Three Shrewsbury teachers, all graduates of Oxford University, and 32 Fifth Form pupils visited Oxford University last week as part of the new Fifth Form Universities Day. This event is part of a new School initiative, designed to inspire our pupils to think about their plans beyond Shrewsbury and to encourage them to apply to the top universities.
Dr Paul Pattenden took a group round his old college of St John's, Huw Peach took a group round Hertford College and St Catherine’s, and I took a group round the Oxford Union and Christchurch Meadow. The weather was kind and we were lucky that it was a particularly busy day. The streets of Oxford were filled with undergraduates in subfusc, nervously awaiting their final exams, while a number of colleges were preparing for their summer balls. The Shrewsbury school pupils asked a number of good questions, while we teachers enjoyed reminiscing about our student days. As well as showing the pupils famous sites such as Tom Tower and Christchurch Meadow, we also looked at favourites haunts such as the Balliol College sports ground and the Carfax Chippy to give them a flavour of student life.
After lunch, we all looked around the Ashmolean Museum, enjoying the various antiquities as the famous Egyptian displays, the Alfred Jewel and the archaeological finds of Sir Arthur Evans from Knossos in Crete. Dr Pattenden then led a scientifically minded group round the Physics laboratories, while Huw Peach and I led a bibliophile group to Blackwell's bookshop. I was proud to see that they are still selling my Augustus book!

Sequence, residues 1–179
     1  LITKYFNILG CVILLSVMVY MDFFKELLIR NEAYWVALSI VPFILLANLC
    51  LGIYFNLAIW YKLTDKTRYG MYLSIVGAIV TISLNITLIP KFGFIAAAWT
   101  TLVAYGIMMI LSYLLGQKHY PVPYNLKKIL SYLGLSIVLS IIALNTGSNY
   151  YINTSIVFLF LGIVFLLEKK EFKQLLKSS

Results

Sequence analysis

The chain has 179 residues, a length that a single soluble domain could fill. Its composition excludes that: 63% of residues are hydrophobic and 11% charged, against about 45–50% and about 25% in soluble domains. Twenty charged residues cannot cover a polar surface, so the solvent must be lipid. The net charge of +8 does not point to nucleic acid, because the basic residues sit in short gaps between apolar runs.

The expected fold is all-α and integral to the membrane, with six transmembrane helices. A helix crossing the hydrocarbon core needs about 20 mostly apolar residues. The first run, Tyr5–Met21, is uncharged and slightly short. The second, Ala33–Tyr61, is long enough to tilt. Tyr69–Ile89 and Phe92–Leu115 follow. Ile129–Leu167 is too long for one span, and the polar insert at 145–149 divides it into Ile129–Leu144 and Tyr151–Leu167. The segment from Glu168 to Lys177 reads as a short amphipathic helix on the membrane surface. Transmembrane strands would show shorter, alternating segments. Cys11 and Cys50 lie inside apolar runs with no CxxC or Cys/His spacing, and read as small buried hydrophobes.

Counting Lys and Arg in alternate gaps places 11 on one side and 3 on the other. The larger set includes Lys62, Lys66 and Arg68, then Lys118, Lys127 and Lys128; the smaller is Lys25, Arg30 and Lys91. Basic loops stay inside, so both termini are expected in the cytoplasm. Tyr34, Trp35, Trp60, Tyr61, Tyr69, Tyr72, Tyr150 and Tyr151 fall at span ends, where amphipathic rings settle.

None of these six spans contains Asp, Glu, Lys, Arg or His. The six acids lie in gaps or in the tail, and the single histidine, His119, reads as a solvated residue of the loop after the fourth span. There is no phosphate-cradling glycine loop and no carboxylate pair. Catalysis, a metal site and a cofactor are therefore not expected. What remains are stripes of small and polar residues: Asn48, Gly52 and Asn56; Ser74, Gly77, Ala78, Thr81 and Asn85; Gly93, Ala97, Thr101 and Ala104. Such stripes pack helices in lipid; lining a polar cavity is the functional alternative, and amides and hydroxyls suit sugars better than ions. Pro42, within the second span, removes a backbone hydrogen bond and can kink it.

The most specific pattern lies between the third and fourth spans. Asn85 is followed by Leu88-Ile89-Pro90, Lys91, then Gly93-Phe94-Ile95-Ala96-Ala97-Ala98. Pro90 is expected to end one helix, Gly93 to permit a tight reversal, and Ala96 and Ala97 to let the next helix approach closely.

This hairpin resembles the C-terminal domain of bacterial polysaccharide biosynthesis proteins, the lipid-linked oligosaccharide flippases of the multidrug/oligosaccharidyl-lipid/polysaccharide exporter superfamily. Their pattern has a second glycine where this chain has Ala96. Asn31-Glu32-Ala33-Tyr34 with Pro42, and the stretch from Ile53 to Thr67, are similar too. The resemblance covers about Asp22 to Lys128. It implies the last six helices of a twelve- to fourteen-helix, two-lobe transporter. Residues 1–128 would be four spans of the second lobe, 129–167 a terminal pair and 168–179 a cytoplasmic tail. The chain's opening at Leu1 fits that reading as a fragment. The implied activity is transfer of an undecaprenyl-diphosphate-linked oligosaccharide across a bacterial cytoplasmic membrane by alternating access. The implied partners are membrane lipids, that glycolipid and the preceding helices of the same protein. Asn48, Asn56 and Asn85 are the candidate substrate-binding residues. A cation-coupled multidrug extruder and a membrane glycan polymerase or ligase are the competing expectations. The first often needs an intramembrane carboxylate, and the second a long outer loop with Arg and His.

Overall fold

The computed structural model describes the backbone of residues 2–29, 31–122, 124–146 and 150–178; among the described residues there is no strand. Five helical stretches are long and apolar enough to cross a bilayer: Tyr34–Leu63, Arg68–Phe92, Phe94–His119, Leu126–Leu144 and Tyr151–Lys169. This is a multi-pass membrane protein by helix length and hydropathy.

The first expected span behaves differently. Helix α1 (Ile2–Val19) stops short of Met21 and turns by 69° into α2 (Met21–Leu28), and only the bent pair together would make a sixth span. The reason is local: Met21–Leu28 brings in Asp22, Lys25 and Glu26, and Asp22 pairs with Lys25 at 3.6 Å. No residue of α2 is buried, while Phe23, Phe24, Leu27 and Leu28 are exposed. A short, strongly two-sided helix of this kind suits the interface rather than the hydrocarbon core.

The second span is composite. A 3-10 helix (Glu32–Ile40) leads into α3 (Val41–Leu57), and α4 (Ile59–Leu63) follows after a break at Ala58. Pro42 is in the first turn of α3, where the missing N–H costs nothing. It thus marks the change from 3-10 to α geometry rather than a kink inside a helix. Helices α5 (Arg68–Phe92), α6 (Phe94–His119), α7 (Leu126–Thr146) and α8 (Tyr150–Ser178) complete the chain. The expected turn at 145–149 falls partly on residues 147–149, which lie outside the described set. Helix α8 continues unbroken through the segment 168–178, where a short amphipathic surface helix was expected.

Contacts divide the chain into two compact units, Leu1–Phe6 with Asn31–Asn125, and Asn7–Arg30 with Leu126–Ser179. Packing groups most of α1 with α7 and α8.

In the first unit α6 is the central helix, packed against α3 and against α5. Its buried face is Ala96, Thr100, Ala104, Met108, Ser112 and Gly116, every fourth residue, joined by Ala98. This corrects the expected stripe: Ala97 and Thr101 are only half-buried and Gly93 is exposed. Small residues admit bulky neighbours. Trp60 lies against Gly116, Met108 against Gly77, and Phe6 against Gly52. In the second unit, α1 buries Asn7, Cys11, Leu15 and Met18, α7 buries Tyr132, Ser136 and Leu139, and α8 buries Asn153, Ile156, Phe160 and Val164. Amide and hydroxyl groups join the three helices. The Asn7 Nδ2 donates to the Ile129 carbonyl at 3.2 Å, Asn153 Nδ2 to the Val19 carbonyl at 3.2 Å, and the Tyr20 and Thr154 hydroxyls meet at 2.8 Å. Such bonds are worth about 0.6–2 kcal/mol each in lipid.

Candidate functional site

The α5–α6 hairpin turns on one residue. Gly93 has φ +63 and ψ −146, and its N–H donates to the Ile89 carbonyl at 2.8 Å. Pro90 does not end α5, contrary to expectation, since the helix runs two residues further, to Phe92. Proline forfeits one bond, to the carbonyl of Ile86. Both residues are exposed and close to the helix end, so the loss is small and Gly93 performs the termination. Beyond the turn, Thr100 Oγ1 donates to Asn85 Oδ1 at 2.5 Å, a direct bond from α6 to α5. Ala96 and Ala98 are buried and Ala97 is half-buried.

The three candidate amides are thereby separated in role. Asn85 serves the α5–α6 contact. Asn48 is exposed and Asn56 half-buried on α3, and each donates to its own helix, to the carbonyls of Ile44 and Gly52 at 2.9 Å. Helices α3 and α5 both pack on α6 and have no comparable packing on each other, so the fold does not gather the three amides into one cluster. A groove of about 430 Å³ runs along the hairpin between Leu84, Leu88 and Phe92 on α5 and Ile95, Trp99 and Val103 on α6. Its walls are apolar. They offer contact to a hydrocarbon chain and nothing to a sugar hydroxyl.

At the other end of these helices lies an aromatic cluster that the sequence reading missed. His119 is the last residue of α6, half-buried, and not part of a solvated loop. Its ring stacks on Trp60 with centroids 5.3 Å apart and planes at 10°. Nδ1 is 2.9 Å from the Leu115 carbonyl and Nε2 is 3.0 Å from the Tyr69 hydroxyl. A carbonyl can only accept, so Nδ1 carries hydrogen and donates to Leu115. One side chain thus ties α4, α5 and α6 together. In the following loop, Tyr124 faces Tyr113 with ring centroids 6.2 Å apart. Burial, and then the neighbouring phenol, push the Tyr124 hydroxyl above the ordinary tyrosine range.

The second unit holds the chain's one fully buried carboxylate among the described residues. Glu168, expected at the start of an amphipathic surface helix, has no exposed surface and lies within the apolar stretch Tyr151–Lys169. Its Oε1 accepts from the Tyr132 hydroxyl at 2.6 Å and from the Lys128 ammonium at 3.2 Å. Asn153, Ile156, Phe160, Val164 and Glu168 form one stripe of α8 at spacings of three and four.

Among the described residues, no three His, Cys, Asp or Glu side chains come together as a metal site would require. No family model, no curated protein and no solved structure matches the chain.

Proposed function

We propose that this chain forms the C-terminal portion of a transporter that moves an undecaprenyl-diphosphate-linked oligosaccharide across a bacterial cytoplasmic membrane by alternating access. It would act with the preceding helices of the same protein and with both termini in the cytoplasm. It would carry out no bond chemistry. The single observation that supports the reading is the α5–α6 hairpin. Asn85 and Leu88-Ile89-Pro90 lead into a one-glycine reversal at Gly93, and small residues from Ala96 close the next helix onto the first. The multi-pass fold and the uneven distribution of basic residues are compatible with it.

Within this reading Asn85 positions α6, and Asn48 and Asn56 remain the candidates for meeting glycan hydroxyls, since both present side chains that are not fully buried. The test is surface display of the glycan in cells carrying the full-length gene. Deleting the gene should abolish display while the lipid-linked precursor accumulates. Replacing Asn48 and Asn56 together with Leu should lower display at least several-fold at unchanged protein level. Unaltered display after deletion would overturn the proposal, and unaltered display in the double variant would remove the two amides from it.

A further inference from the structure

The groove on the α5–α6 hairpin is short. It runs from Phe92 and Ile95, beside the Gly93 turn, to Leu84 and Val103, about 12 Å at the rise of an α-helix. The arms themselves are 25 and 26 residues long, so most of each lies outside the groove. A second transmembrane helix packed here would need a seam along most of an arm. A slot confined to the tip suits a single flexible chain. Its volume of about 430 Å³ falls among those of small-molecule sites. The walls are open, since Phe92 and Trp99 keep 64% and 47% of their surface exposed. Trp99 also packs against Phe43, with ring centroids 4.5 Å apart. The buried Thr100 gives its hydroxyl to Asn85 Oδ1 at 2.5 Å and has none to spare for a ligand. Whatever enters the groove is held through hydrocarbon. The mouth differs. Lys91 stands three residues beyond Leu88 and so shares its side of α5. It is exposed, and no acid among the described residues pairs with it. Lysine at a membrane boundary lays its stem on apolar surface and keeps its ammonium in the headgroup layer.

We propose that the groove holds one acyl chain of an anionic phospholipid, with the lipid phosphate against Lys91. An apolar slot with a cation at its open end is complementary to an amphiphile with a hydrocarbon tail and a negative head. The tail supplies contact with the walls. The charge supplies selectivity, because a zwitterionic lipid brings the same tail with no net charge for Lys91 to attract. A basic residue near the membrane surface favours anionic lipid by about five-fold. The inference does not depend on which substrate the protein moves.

As staff we certainly enjoyed recalling our lost youth, and hopefully the pupils will be inspired to reach for the stars as they begin their Sixth Form life.
Dan Edwards (V S) gives his perspective on the day:
Friday 21st June. A group of GCSE survivors boarded a bus heading for the academic hub of the UK that is Oxford. After a long bus journey we got off in the centre of Oxford at the Martyrs Memorial, which the staff quickly reminded us was the site where many Protestant clergy faced the fire during Mary Tudor’s reign.
After this literally very warming welcome to Oxford, a group of us went with Mr Peach to visit Hertford College. We were lucky to get a good look round this beautiful 17th century building, viewing the chapel, dining hall and even being able to cross the Venetian-esque Bridge of Sighs. Along the street we could see the Bodleian Library, the first library I’ve ever seen that could pass as a domed cathedral.
Another brisk walk and we arrived at St Catherine’s College. With its 1960s-style metal box structure, St Catz introduced us to a relatively hidden side of Oxford. One of my fellow students asked, “Why would you build this?” Mr Peach’s father, who was a tutor at the College, quickly explained to us that St Catz provided a friendly open campus, as opposed to some of the older fortress-like colleges.
After lunch, the whole group ventured into the Ashmolean Museum. My dad being in the ceramics industry, I was particularly interested in seeing Marie Antoinette’s very own tableware with the striking image of Versailles on the plate, made only a few years before her sudden and sticky end. After an hour revelling in the world’s jewels, we were given an hour to ourselves to explore Oxford further. Although the call of the coffee shop was tempting, having already had two Costa stops I decided a trip to Blackwell’s Bookshop would be a more productive use of my time.